In spring 1970, at a time when industries could pump and dump practically whatever they wanted into the skies and waters, U.S. Sen. Gaylord Nelson created a day that called attention to the need for regulatory change. 4 | WASHINGTON, D.C. Nearly 20 million Americans demonstrated throughout the Doctors: Pap still best test for cancer country, and by the end of that There’s more news on cancer screening tests — year the Environmental Protecthis time for women. tion Agency was created. Scientists advising the government say a Pap Each April 22, now known as test is a good way to screen young and middle-aged Earth Day, is marked by parades, women for cervical cancer, and festivals and other events. it’s only needed once every three Five years after the first Earth years. But they say there is not Day, the Center for Science in enough evidence yet to back testthe Public Interest sponsored ing for HPV, the virus that causes Food Day to raise awareness of the disease. food safety and nutrition issues. That’s at odds with the American It lasted just three years. Cancer Society and other groups, More than 35 years later, the HEALTH which have long said that using same organization thinks the naboth tests can be an option for women over 30. tion is ready to address the issues Those groups and the U.S. Preventive Services of a healthy and sustainable food Task Force separately plan to release proposed new system. And this time it is a topic guidelines for cervical cancer screening on Wednes- that could have the staying powday and invite public comment. The task force is the er of Earth Day. same group that recommended against routine PSA “People want to support local tests to screen for prostate cancer, saying they were food and reconnect with food doing more harm than good for men at average risk. producers. In the states, I see that
coming up again and again,” said Catherine Kastleman, a Food Day project coordinator. Hundreds of events are planned across the country to celebrate the return of Food Day on Oct. 24. Celebrity chefs will be serving dinner in Times Square, and more than 15,000 people are expected to attend a regional food festival in Savannah, Ga. While there isn’t anything quite so flashy here, Douglas County will have more than a dozen events throughout the next two weeks to celebrate Food Day. Haskell Indian Nations University is using Food Day to promote recognizing indigenous foods. It will have speakers, workshops and
an indigenous food feast. Lawrence Memorial Hospital is hosting a kids-focused nutrition carnival, and the Raven Book Store will have a book reading. “There is so much to do this week, you can’t attend everything,” said Patty Metzler, a dietician at Lawrence Memorial Hospital who is the community coordinator for Lawrence’s Food Day activities. On Oct. 24, the Douglas County Food Council will release a report that looks at Douglas, Jefferson and Franklin counties’ food systems. The report examines how much money is spent on food, how much is produced and consumed in the region and the number of residents who live in “food deserts.” “It sets forth what kind of areas we have to focus on and what really needs attention,” said Eileen Horn, the sustainability coordinator for the city of Lawrence and Douglas County. Please see FOOD, page 4A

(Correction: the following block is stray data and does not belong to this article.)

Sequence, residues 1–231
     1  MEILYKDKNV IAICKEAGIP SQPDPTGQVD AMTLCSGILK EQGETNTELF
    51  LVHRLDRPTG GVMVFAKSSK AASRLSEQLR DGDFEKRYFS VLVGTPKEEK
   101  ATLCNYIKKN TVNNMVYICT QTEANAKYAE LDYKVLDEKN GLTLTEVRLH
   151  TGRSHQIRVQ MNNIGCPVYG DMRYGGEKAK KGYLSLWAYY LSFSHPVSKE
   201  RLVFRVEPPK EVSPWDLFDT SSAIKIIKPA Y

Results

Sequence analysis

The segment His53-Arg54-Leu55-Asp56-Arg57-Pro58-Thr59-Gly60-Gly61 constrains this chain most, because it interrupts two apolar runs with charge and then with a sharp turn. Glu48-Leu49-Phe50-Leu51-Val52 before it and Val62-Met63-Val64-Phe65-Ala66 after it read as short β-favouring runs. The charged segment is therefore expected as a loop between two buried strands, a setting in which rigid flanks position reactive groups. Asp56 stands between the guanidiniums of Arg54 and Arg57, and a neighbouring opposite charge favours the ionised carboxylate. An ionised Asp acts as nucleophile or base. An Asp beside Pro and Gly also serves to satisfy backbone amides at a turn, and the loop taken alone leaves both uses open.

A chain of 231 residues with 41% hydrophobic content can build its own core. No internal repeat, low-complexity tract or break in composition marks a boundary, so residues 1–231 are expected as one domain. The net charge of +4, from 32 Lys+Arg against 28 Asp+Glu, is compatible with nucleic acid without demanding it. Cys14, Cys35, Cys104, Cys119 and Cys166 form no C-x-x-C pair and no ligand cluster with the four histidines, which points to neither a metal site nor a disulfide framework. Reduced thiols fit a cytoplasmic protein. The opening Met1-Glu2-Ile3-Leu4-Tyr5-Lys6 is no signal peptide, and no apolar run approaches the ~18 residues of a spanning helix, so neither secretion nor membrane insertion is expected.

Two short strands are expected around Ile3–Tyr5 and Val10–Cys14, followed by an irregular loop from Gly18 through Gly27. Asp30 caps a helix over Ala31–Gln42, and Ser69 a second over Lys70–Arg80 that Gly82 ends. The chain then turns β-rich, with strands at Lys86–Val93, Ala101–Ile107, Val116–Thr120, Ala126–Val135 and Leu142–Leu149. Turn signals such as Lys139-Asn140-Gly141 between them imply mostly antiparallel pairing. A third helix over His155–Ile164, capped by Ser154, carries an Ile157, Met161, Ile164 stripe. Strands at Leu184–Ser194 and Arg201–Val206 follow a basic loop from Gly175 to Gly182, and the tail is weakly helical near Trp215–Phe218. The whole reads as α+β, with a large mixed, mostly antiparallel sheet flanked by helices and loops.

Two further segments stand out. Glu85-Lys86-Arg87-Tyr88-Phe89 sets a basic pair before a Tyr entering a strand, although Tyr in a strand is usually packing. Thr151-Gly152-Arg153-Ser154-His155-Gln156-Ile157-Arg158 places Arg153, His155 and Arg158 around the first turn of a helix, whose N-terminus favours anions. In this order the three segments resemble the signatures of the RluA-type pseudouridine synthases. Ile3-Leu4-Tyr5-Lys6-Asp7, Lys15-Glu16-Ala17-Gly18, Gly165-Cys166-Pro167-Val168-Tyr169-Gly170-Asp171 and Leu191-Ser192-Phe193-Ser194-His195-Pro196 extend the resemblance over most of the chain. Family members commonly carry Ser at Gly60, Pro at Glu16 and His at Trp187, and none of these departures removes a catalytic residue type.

A startup company that works to make painkillers have fewer side effects has signed a deal to locate in Kansas University’s biosciences incubator. Mencuro Therapeutics Inc. has agreed to move into the Bioscience and Technology Business Center Expansion Facility near Bob Billings Parkway and Wakarusa Drive. The company uses research developed by KU researcher Tom Prisinzano and Laura Bohn, a neuroscientist at The Scripps Research Institute in Florida. That pair teamed up with colleagues Robert Karr and Randy Weiss to launch the company earlier this year. The startup is hiring one full-time biologist immediately and plans to hire additional scientists within the next year. The company’s focus is on how to make painHEALTH killers similar to morphine, oxycodone and hydrocodone, but without harsh side effects. “We’re trying to take the strongest, most potent painkillers and eliminate the side effects so they’re more like Advil or Tylenol,” Prisinzano said. Mencuro becomes the 11th tenant for the 14-month old incubator system. The incubator houses nine tenants at its main facility on West Campus and two at its expansion facility at Bob Billings and Wakarusa Drive. The incubator is a partnership among KU, the city, the county, the chamber, the local bioscience authority and the state bioscience authority. The strong amount of tenant activity has led to expansion plans for the incubator. The city has put $500,000 in its 2012 budget to kickstart an effort to build more space on West Campus. The project likely will take $7 million to $8 million to complete. — City reporter Chad Lawhorn can be reached at 832-6362.
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~$6.95 (Adult) ~$5.95 (Kid 6-12) ~$4.95 (Kid 3-5) ~$9.95 (Adult) ~$6.95 (Kid 6-12) ~$5.95 (Kid 3-5)
OPENING DAY OCTOBER 18th
Tuesday, October 18, 2011
Food CONTINUED FROM PAGE 3A